Written by: Michael Den Boer on June 7th, 2004
Theatrical Release Date: Japan, 1966
Director: Yasuharu Hasebe
Writer: Ryuzo Nakanishi
Cast: Bokuzen Hidari, Chieko Matsubara, Akira Kobayashi, Akemi Kita
DVD Released: August 15th, 2000
Approximate Running Time: 84 minutes
Aspect Ratio: 2.35:1 Anamorphic Widescreen
Sound: Dolby Digital Mono Japanese
Subtitles: English (Burnt In)
DVD Release: Image Entertainment
Region Coding: Region 1 NTSC
Retail Price: $24.99
Synopsis: Hondo (Akira Kobayashi), is a photo-journalist who has just returned from an assignment photographing the Vietnam War. He meets Yoriko (Chieko Matsubara), a stewardess on his flight home. He convinces her to accompanying him to dinner. While they are eating Yoriko notices a man who has been following them and when the man approaches Yoriko she flees the restaurant. Hondo chases after them he finds a group of female assassins are attacking the man who had been following them. The female assassins kill the man and Hondo is framed for the murder. The black tight killers are a band of Okinawan go-go dancing patriots who mission is to return the stolen gold to its rightful owners. After an alibi proves his innocence he is released from jail and he begins he search for Yoriko by Aligning himself with the female assassins to help him rescue Yoriko from the bad guys. While two rival factions are at war over stolen gold from World War II.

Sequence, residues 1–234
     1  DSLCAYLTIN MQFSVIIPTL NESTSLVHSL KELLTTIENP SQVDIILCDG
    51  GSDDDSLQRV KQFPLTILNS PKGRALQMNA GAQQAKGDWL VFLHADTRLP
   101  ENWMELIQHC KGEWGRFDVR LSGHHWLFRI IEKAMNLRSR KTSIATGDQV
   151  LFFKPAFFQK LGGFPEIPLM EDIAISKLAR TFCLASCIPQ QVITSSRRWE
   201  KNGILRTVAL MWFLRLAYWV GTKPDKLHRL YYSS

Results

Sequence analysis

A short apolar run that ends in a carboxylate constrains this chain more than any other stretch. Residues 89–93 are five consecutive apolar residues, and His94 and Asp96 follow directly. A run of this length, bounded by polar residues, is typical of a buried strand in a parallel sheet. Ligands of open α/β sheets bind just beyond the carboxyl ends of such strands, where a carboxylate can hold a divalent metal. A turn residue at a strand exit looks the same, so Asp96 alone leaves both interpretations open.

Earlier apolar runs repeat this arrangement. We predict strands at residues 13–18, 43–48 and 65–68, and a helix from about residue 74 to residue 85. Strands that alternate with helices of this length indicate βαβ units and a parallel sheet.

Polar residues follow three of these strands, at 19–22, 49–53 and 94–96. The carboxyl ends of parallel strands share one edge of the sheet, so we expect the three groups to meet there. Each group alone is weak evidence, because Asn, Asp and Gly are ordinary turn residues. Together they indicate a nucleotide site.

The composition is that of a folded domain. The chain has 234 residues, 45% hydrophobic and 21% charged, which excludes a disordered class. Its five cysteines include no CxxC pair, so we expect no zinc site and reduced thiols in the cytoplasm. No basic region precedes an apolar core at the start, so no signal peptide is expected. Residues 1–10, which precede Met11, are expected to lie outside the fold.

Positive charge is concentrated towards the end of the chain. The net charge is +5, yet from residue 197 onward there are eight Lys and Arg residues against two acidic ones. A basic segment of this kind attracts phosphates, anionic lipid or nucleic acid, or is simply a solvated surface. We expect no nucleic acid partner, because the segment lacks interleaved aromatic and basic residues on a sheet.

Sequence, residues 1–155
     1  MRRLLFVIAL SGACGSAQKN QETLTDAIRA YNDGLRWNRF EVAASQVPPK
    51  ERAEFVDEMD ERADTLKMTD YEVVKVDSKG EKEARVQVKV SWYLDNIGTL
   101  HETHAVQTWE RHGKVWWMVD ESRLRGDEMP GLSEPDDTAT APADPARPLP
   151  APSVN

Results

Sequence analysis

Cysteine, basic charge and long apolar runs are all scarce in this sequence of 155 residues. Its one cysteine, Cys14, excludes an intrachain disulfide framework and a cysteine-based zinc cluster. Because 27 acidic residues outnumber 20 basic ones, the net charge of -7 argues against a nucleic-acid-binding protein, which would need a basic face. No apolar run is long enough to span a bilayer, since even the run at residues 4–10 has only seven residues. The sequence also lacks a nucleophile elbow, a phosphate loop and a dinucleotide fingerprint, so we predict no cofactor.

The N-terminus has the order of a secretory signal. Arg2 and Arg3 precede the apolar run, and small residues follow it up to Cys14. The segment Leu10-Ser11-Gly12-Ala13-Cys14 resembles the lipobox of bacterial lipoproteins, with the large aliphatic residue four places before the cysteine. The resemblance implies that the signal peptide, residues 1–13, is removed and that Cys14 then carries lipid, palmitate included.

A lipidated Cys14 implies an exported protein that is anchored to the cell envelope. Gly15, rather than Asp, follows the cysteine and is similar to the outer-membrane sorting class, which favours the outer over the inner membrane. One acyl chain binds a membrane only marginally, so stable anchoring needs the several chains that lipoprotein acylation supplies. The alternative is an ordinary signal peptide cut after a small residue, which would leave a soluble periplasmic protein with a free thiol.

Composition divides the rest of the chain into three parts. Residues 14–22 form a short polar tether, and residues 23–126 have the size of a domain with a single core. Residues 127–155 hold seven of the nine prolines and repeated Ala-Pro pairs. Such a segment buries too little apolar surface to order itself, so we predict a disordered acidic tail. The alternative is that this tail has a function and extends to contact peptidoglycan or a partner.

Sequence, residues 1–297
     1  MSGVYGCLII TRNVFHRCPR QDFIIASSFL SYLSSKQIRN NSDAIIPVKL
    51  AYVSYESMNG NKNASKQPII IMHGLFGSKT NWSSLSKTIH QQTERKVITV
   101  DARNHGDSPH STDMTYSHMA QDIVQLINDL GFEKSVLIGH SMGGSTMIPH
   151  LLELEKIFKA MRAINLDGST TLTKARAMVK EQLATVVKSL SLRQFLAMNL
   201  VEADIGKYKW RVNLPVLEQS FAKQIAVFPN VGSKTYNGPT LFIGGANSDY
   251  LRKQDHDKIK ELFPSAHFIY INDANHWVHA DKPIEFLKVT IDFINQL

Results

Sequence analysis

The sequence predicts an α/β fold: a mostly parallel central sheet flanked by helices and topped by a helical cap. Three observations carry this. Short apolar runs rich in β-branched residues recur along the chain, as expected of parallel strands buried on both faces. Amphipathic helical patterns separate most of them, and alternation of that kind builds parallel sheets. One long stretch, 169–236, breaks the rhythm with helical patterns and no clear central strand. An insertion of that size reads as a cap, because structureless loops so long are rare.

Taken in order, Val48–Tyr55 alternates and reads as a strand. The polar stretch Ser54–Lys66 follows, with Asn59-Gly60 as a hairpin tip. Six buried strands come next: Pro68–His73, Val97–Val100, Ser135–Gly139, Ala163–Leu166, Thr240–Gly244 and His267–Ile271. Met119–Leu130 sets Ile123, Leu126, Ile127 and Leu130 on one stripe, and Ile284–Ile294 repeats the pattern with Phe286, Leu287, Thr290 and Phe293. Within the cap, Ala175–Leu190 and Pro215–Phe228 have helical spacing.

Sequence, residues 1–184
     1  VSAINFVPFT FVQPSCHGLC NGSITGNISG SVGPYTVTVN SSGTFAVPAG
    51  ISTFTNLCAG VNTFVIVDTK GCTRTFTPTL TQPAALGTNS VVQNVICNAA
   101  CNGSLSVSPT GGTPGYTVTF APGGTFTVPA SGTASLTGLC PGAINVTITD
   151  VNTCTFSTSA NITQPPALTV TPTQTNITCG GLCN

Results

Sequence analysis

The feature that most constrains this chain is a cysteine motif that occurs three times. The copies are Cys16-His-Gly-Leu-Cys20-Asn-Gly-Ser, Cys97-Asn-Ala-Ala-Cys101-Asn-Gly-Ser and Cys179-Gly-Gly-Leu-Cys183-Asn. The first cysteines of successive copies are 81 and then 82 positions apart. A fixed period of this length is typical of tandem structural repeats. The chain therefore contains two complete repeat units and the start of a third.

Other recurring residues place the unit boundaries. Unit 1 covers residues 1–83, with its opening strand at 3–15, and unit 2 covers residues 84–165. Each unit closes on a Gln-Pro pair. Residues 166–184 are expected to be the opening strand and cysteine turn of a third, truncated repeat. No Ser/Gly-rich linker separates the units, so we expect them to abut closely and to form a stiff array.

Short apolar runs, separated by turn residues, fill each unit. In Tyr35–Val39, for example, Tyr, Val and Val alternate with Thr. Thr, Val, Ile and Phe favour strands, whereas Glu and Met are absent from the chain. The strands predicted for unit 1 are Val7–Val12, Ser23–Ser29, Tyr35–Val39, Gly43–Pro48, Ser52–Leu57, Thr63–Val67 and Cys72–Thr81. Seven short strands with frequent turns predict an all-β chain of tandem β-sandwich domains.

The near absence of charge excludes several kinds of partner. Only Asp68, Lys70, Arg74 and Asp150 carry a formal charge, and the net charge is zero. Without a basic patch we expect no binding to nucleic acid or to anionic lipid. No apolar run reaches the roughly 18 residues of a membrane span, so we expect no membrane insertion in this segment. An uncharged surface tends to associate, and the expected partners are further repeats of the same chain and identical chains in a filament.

Yasuharu Hasebe a former protégé of maverick director Seijun Suzuki would branch out on his own in 1966 and direct his first feature film Black Tight Killers. He would take what he had learned from Seijun Suzuki, bold colors and pulp sensibility that he would infuse into his own films. Part spy film and part pulp novel Black Tight Killers was Nikkatsu’s answer to the “James Bond” films. The female assassin’s know as the Black Tight killers have assortment of deadly objects like blinding bubble gum, razor-sharp 7″ vinyl, exploding golf balls and exploding bra pads. This movie is more campy then serious and the beautiful cinematography makes up for the incoherent plot. Even though the Black Tight Killers isn’t as inspired as Seijun Suzuki’s films, Yasuharu Hasebe takes what he had learned from Seijun Suzuki and comes away with a style all his own.
Black Tight Killers is given the anamorphic widescreen, which is letterboxed at 2.35:1. The source print exhibits scratches and grain, while the picture overall is quite clear and crisp with nicely rendered colors. The DVD shows no signs of major artifacting or compression problems.
There is only one audio option on this DVD the original Japanese audio track in Dolby Digital Mono and the audio is satisfactory. There are white subtitles that have been burnt into the print. They are easy to read and follow.
There two extras on this DVD, the original theatrical trailer and a 20-minute interview with director Yasuharu Hasebe as he discusses the film and his influences. There are extensive liner notes by Chris D.Black author of the upcoming book Yakuza Eiga: an encyclopedia of Japanese Gangster films 1956-1980. Black Tight Killers is fun film that offers plenty of action and enough eye popping color that fans of retro spy thrillers should enjoy.